Logan Square Kitchen Found 'Not Liable' For City Fines, But Remain Angered By Tarnished Health Record
When Logan Square Kitchen owner Zina Murray announced last week that she was heading to court to challenge three violations she described as "groundless" and "retaliation" against her shared commercial kitchen business, she indicated that she was not feeling too optimistic that the court would side with her.
But according to a blog posted Friday, Murray's hearing was successful -- mostly -- as she was found "not liable" for the three minor violations a city inspector reported following the latest of 19 city Department of Public Health inspections over the course of the last two years.
Though she was found not liable for the inspections, her latest struggle with the city did not come without its share of bad news, too: The judge refused to issue her business a clean inspection report.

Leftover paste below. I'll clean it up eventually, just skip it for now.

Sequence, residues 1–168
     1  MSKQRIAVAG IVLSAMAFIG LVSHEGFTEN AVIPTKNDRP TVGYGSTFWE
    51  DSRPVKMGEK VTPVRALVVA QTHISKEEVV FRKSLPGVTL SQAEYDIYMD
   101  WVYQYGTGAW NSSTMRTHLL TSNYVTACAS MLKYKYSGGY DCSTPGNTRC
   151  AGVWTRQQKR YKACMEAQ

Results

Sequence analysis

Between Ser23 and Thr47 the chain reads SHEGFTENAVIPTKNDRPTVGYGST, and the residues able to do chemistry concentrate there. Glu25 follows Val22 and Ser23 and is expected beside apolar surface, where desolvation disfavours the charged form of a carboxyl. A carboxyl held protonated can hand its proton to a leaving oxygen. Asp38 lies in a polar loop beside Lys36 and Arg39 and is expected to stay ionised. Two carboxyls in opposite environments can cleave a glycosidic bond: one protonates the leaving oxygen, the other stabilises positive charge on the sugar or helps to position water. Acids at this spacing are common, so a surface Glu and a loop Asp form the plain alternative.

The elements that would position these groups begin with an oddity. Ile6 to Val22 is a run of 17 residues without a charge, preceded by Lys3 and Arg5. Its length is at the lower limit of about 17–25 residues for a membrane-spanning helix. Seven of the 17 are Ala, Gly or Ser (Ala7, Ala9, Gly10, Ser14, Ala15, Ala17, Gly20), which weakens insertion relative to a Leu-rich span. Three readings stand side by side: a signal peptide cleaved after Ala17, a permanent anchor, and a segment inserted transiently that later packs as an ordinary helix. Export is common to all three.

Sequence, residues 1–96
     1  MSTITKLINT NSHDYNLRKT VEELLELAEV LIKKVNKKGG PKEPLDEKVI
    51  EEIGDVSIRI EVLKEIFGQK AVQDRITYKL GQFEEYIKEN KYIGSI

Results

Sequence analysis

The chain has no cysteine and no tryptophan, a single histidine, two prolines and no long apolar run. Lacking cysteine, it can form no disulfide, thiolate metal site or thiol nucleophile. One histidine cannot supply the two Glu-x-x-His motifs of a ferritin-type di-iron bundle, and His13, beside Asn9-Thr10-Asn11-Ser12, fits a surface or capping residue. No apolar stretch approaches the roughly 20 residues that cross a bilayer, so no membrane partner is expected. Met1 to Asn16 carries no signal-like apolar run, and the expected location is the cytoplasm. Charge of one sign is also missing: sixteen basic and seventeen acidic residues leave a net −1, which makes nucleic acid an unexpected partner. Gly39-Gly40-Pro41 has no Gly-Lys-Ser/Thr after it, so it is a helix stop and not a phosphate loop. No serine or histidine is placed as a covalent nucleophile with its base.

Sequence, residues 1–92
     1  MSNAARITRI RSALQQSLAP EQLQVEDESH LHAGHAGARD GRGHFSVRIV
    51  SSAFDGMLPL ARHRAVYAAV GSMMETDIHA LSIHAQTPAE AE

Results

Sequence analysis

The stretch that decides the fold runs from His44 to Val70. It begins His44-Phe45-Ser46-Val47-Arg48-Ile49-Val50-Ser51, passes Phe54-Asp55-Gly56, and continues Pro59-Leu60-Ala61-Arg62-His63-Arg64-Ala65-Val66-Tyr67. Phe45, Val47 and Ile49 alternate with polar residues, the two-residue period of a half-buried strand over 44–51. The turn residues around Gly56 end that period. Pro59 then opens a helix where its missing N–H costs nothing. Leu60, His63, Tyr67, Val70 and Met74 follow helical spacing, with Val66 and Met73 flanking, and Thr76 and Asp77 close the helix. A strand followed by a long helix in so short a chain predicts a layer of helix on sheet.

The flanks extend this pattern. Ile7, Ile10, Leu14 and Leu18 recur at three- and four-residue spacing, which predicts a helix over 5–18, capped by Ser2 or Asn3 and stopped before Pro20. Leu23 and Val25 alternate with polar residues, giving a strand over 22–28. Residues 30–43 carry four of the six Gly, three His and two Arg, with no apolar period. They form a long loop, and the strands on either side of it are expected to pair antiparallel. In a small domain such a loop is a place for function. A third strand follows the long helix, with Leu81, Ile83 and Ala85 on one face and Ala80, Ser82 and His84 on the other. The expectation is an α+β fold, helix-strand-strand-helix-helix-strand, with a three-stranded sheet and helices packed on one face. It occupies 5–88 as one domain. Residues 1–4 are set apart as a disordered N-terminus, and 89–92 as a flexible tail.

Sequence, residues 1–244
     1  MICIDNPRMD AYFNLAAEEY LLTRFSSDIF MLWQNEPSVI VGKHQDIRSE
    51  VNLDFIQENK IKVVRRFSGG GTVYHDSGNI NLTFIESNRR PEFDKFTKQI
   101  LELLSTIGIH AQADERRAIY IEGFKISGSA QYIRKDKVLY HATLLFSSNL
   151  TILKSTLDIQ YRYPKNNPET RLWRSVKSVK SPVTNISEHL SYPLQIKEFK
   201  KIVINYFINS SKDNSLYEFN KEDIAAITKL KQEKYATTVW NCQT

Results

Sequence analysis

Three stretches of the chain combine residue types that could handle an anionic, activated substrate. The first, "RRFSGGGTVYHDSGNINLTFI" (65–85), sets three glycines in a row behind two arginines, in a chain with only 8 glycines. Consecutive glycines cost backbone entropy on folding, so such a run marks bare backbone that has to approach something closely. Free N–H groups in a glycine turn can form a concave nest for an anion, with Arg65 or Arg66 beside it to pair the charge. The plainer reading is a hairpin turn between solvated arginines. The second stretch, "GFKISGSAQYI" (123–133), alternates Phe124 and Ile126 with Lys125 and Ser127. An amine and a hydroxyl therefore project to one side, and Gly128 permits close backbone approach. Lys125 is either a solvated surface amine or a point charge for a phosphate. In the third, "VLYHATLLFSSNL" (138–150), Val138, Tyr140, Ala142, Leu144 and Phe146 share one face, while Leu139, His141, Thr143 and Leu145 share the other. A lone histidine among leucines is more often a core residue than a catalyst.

"Whaaaa? A court with no remedy?" Murray wrote Friday. "I still have an inspection report posted with three groundless violations on it, and every client in a farmer's market or outdoor festival must submit. So there's a meeting/phone call/email every time to explain that, 'yes I have violations, but they have been corrected. Yes, I am still open.' Yada, yada. CPDH, the gift that keeps on giving."
So Murray has chosen to continue to fight. She created a Change.org petition addressed to Chicago Mayor Rahm Emanuel and Health Commissioner Bechara Couchair touting "five steps to transform Chicago Dept Public Health." Murray has a goal of 23,000 signatures and, as of Monday afternoon, had received 210.
Murray is also, according to Chicagoist, looking to throw "Health Inspection Parties:" Each time she receives word that an inspector is headed toward her space, she will invite their customers, friends and neighbors to come and enjoy the space, plus some coffee and snacks.
"We believe the best disinfectant is fresh air and sunshine," Murray said. "What better place for the media, future food business owners, and the public to see what happens in an actual health inspection-- and why it does (or does not) keep the public safer."